Life Itself ****1/2
Often, a movie, particularly a documentary, sends me to the book upon which the film is based.
And usually, almost always, I find the written work better than the film version.
In fact, I don’t think I can name more than a handful of films that I found superior to the written ‘version.’
The current documentary, Life Itself, about the life and ultimately the death of Pulitzer Prize (1975) winning film critic (Chicago Sun-Times) Roger Ebert, is one of the instances in which I’d choose the film over the memoir.
The memoir is good, particularly the latter part. It is well written, honest, and informative.
The documentary is excellent, bringing to life what is in the memoir (similar title) but allowing the viewer to almost participate in the life and death of Ebert.
Directed by Steve James (Hoop Dreams) and featuring Ebert, his wife Chaz, and Gene Siskel, Life Itself is a mixture of a profile of Ebert, of a love story of Roger and Chaz, of the relationship (love-hate?) of Ebert and Siskel, and most of all, an inside view of a man who chooses ‘to go gentle into that goodnight.’
For me, it is particularly this end of life story that I found so moving.
Briefly, because of cancer and three failed surgeries, Ebert loses his ability to eat, to drink, to speak, and thus to continue his TV reviews of film, all things he loved. Additionally, he became disfigured by the loss of his jaw and became physically disabled too.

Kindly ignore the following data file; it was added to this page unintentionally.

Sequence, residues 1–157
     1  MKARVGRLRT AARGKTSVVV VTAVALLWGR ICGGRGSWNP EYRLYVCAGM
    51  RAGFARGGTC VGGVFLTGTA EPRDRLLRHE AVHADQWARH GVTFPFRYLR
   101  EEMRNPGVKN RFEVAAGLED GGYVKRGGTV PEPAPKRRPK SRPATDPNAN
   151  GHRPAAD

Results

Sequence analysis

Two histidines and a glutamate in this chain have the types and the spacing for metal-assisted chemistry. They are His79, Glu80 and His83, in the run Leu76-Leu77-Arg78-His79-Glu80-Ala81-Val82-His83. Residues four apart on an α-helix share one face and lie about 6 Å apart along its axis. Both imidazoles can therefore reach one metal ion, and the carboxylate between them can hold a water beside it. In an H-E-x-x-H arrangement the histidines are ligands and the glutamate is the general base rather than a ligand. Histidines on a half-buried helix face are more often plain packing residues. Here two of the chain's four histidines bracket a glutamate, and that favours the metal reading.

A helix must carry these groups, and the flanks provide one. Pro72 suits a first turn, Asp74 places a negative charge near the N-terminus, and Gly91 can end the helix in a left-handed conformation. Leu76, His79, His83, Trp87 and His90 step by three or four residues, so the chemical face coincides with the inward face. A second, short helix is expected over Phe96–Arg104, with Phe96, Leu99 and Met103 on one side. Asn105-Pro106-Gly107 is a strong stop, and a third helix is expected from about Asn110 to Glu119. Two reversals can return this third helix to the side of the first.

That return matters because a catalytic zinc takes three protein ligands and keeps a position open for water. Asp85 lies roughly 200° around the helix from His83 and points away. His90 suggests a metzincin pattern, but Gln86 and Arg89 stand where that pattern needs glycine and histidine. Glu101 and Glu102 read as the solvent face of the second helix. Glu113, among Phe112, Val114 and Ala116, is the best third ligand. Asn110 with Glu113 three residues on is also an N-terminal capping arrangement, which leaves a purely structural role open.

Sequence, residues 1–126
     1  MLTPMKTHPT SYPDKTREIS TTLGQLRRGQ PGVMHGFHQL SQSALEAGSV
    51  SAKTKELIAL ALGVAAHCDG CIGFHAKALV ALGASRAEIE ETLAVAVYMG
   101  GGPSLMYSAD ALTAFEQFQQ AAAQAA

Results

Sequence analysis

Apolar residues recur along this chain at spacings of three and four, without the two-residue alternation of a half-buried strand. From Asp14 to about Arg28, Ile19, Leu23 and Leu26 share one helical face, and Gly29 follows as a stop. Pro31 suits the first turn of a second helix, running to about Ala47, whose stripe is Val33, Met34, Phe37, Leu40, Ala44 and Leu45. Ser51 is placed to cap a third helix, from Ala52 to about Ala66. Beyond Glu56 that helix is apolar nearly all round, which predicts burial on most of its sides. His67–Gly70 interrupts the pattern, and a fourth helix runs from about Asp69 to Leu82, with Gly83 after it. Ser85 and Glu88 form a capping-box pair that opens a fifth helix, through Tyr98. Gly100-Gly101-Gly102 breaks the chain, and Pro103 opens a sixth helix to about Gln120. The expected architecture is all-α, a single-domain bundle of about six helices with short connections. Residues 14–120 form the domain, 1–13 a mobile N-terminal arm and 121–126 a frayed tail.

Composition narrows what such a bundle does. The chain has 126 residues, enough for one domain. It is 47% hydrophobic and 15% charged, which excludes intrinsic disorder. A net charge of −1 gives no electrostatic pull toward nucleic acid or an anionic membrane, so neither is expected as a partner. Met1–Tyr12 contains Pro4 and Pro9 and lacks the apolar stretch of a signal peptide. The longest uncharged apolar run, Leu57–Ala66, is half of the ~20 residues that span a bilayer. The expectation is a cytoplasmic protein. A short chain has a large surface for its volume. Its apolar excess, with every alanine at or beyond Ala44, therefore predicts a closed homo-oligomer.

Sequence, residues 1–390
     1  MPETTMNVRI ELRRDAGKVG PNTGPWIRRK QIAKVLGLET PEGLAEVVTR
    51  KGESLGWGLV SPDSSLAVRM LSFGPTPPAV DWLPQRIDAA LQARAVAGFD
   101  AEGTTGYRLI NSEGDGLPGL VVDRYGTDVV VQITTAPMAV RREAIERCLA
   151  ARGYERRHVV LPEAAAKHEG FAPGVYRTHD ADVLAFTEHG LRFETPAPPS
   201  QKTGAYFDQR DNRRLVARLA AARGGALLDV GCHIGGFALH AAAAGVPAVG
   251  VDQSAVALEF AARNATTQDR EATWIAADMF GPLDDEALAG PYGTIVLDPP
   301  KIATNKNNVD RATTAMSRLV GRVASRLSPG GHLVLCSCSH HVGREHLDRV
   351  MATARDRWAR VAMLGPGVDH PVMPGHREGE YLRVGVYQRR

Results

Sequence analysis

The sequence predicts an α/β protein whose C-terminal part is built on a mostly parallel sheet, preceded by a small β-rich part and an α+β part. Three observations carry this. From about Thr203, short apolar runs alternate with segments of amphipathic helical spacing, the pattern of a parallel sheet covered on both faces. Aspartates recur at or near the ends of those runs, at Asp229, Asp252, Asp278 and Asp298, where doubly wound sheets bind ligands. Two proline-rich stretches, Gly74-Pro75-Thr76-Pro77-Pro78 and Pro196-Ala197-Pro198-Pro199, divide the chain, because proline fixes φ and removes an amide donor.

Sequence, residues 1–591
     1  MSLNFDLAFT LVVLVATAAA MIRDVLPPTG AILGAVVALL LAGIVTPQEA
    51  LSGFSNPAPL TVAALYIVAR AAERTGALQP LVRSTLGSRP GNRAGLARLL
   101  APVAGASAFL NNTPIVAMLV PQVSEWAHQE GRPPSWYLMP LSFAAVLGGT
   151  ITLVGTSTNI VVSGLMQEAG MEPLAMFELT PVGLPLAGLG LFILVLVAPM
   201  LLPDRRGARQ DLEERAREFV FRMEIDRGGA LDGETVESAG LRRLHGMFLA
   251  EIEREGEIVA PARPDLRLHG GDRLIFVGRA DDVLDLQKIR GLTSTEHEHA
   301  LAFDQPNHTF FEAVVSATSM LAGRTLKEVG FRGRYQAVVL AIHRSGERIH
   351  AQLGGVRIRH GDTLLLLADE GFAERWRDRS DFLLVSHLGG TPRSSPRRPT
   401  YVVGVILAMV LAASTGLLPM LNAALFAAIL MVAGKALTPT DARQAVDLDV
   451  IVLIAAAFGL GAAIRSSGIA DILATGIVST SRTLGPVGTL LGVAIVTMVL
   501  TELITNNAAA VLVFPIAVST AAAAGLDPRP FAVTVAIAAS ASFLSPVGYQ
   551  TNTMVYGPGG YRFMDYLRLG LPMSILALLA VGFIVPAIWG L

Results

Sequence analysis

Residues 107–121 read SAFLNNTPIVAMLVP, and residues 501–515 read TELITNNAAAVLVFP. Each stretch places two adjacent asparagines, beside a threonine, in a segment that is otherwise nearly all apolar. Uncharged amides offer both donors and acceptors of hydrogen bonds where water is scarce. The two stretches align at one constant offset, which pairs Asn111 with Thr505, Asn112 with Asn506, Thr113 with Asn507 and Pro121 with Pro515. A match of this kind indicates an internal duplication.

Yet Ebert refused to be humbled or curtailed by his misfortunes. He learned to blog and continued to use a computer to communicate. Most of all, he was able to be involved in life until the very end of his life.
Steve James, who began filming Ebert just five months before his death, captures all of this, especially Ebert’s courage and Chaz’s fierce loyalty to him.
Ultimately, it is the very personal, and heroic, story of how a man and his wife choose to deal with what would likely crush most of us.
janet brownsister said:
it sounds like a :must see”
not yet in Atlanta
Did it make you think of our dad or your own life?
if you answer “yes”, you have turned into Sammy!
Diane Kupelian said:
How fitting that Roger Ebert’s documentary is superior to the book– he’s a great writer, but his true love has always been the medium of film. Sometimes, the medium is essential to the message!
Sounds like a movie I will want to catch. Thanks for the heads up!
You captured exactly what I was trying to write: in this case the picture was better than the words, particularly the picture of Ebert’s smiling face despite the toll the cancer had taken upon it and him. Words can be misleading, tho I think his memoir was honest. Still, I will long remember him smiling at the end of his life, something I couldn’t imagine feeling myself.
If you are referring to Dylan Thomas’ poetry about ‘raging against the dying of the light,’ then yes, there is memory for me of Sam at the end of his life and a very different message that he gave, how he handled his own end of life: go gently into that good night.
elliott trommald said: